An amendment to the federal Emergency Food Assistance Program that would require goods suitable for people in religious communities passed the House of Representatives last week.
But the federal Farm Bill to which it was attached was defeated in the Republican-led House 234-195 on Thursday night because of objections to the extent of cuts to the Supplemental Nutrition Assistance Program (SNAP) .
The bill would require the Department of Agriculture to target, label, and track distribution of food it provides through states to local emergency food providers – such as food banks, pantries, soup kitchens, and shelters. In a public-private partnership, the food banks combine these resources with private donations of food and funds.
The Metropolitan New York Council on Jewish Poverty, which lobbied with other groups for amendment, said it would call on the White House to take executive action to enact the provisions.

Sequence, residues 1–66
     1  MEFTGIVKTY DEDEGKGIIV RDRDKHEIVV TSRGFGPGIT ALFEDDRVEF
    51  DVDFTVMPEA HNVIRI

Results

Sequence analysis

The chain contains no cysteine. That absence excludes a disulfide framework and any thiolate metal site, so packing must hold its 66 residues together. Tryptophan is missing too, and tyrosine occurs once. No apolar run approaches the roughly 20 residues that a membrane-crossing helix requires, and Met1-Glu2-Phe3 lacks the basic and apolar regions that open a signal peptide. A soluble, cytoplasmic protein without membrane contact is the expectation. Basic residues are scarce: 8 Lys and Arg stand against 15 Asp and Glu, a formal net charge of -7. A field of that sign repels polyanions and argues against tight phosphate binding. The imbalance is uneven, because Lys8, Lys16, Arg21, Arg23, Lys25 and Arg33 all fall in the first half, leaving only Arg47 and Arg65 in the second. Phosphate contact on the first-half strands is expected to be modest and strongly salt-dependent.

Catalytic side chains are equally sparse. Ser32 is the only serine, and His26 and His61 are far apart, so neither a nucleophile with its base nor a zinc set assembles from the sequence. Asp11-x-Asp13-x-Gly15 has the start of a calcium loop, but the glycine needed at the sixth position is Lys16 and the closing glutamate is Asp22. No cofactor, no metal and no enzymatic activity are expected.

“We’re pleased the House saw the wisdom in passing an amendment that would require the USDA to ensure distribution of halal and kosher food to those areas in the country that need it,” said William Rapfogel, executive director of Met Council.
“We are however concerned that with the various other details of the farm bill being challenged as to whether this amendment will ever be implemented. Therefore we are calling on the Department of Agriculture and the White House to implement its provisions without further delay.”
The amendment was sponsored by Reps. Joseph Crowley of Queens, a Democrat, and Michael Grimm of Staten Island, a Republican.
“Superstorm Sandy was a harsh reminder as to why it is essential that our food banks carry halal and kosher food,” said Grimm. “After the storm, my staff worked with constituents and other groups to help coordinate preparation of Halal meals by families in Bay Ridge and with a Rabbi who was able to get a supply of kosher food for Orthodox Jewish families in need. By ensuring food banks can obtain this food in advance, we can remain prepared for any situation and ensure that all members of the community are provided for, no matter what their dietary needs.”